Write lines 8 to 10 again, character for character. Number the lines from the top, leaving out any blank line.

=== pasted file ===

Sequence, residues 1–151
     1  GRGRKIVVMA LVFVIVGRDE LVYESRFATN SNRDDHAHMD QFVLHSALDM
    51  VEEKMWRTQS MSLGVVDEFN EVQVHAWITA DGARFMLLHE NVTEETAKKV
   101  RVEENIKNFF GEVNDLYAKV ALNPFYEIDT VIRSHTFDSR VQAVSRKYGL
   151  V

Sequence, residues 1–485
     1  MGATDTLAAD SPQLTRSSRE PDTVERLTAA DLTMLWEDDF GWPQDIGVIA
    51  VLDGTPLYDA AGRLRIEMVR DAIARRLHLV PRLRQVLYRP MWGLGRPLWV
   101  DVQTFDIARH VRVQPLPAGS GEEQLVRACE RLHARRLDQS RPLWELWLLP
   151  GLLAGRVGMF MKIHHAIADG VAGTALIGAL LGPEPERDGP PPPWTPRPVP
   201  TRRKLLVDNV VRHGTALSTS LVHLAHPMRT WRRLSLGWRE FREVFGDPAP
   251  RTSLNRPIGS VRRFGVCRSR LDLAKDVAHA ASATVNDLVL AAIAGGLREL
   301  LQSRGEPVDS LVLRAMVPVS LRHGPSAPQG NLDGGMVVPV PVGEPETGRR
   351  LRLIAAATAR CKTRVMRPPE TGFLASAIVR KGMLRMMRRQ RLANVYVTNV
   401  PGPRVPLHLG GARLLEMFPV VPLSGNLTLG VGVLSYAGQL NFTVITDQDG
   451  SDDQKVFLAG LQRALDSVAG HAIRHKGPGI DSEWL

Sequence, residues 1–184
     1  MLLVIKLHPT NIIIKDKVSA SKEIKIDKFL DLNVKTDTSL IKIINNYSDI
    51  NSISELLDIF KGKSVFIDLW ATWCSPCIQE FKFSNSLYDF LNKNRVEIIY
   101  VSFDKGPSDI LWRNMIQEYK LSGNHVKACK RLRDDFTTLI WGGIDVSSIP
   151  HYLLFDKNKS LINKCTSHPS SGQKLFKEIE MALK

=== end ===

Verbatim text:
    51  VLDGTPLYDA AGRLRIEMVR DAIARRLHLV PRLRQVLYRP MWGLGRPLWV
   101  DVQTFDIARH VRVQPLPAGS GEEQLVRACE RLHARRLDQS RPLWELWLLP
   151  GLLAGRVGMF MKIHHAIADG VAGTALIGAL LGPEPERDGP PPPWTPRPVP